posted on Jul, 2 2013 @ 11:11 PM
I was considering adding this info to the The Great Lakes And The Kongo Links To Nile Valley Civilizations
thread but decided against it as we can focus on Kerma and the
Nile in general
Kerma captial of Kush
That polities in areas south of Kmt trailed behind them in urban development is a myth the Kermans aka Kush have urban development going back 5000yrs
B.C where they settled on a mixed economy of pastoralism and agriculture ,these folks are not to be confused with the people of Ta-Seti the 1st
organized state on the Nile which became Kmt's first nome or lower Nubia going back to 3400 B.C although they would eventually absorb Ta-Seti,these
were Kmt's arch rivals and every bit as ambitious as the Kemities their second oldest city is on Sai Island at about 4500 b.C ,the site is littered
with ruins from the earliest times all the way down to the time of the occupation of the Ottoman Turks
Temple ruins Sai Island
Crocodiles Heads On A Door, Sai Island
Notice these are adobe structures except for the Temple,
The language of the Kush is said to be Nilo-Saharan while the language of the Ta-Setians and the Kemites were Afrasian but all three groups had
similar culture and institutions based on their common experience in the wet phase Sahara.
Relations with Kmt as was said earlier can be testy at times although trade relations continued even in difficult times.
This dynasty ranks as among the greatest, whose fame far outlived its actual tenure on the throne. Especially interesting, it was a member of this
dynasty- that decreed that no Nehsy (riverine Nubian of the principality of Kush), except such as came for trade or diplomatic reasons, should pass by
the Egyptian fortress at the southern end of the Second Nile Cataract. :
Many have taken this ban or controlled border crossings and building the very impressive Buhen fortress as evidence that the Kemites were engaged
in a racist conflict with the Kush or "Nubians".. absolute nonsense nothing could be further from the truth for the 11th and 12th dyn royals were
as close as one can get to be "Nubian" without being from "Nubia".. One of it's kings actually styled himself as son of the first born Nehsy his
high royal wives were of Nehsy extraction in any case it was his/their job to protect their people the kemites no matter their ancestry say like any
American POTUS would, be they of German,Irish,British or Kenyan ancestry.
One point before I move on 11th and 12th dyn royals were not of Kushetie extraction they most likely belonged to old line Ta-seti or Medjay extraction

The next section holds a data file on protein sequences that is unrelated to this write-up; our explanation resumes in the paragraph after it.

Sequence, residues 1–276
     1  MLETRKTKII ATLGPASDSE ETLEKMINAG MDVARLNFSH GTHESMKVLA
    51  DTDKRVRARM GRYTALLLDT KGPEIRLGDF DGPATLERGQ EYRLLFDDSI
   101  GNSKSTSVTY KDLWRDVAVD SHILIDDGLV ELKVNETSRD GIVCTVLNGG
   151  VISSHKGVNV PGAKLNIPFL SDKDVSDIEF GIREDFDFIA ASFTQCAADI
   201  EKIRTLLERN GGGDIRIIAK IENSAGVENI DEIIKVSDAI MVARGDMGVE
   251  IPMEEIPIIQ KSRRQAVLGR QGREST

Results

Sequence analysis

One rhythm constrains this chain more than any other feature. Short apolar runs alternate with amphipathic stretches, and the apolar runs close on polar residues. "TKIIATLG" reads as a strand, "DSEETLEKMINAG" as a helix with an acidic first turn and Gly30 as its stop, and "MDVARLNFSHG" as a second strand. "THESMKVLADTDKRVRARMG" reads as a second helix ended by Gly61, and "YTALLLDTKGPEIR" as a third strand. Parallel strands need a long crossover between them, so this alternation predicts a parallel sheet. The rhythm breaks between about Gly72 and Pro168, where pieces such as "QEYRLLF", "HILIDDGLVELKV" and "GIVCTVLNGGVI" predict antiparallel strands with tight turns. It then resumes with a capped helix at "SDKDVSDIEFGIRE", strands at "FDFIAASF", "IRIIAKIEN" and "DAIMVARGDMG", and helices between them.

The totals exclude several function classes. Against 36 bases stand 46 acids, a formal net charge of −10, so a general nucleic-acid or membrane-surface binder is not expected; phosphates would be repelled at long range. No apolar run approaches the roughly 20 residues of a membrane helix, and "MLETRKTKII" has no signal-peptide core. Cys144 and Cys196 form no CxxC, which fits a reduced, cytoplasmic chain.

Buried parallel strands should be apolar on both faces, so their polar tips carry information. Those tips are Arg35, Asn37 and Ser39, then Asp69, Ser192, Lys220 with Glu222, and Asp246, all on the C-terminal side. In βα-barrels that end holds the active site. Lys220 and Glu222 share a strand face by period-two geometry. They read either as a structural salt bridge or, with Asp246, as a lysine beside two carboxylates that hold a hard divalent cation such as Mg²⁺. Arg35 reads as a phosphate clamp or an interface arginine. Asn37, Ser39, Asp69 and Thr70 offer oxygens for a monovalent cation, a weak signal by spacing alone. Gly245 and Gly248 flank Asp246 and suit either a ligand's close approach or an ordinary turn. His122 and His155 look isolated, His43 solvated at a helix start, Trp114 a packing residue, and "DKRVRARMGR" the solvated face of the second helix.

who were Afrasian speakers rather than Nilo-Saharans.
Nebhepetre Mentuhotep II
Princess Ahaslit daughter of Mentuhotep II
Kush invasion of Kmt
Mr Davies, who headed the joint British Museum and Egyptian archaeological team, said: “Now it is clear that Kush was a superpower which had the
capacity to invade Egypt. It was a huge invasion, one that stirred up the entire region, a momentous event that is previously undocumented. “They
swept over the mountains, over the Nile, without limit. This is the first time we’ve got evidence. Far from Egypt being the supreme power of the
Nile Valley, clearly Kush was at that time. “Had they stayed to occupy Egypt, the Ku#es might have eliminated it. That’s how close Egypt came to
extinction. But the Egyptians were resilient enough to survive, and shortly afterwards inaugurated the great imperial age known as the New Kingdom.
The Ku#es weren’t interested in occupation. They went raiding for precious objects, a symbol of domination. They did a lot of damage.”
The inscription describes a ferocious invasion of Egypt by armies from Kush and its allies from the south, including the land of Punt, on the southern
coast of the Red Sea. It says that vast territories were affected and describes Sobeknakht’s heroic role in organising a counter-attack. The text
takes the form of an address to the living by Sobeknakht:“Listen you, who are alive upon earth . . . Kush came . . . aroused along his length, he
having stirred up the tribes of Wawat . . . the land of Punt and the Medjaw. . .” It describes the decisive role played by “the might of the
great one, Nekhbet”, the vulture-goddess of El Kab, as “strong of heart against the Nubians, who were burnt through fire”, while the “chief of
the nomads fell through the blast of her flame”. The discovery explains why Egyptian treasures, including statues, stelae and an elegant alabaster
vessel found in the royal tomb at Kerma, were buried in Ku#e tombs: they were war trophies.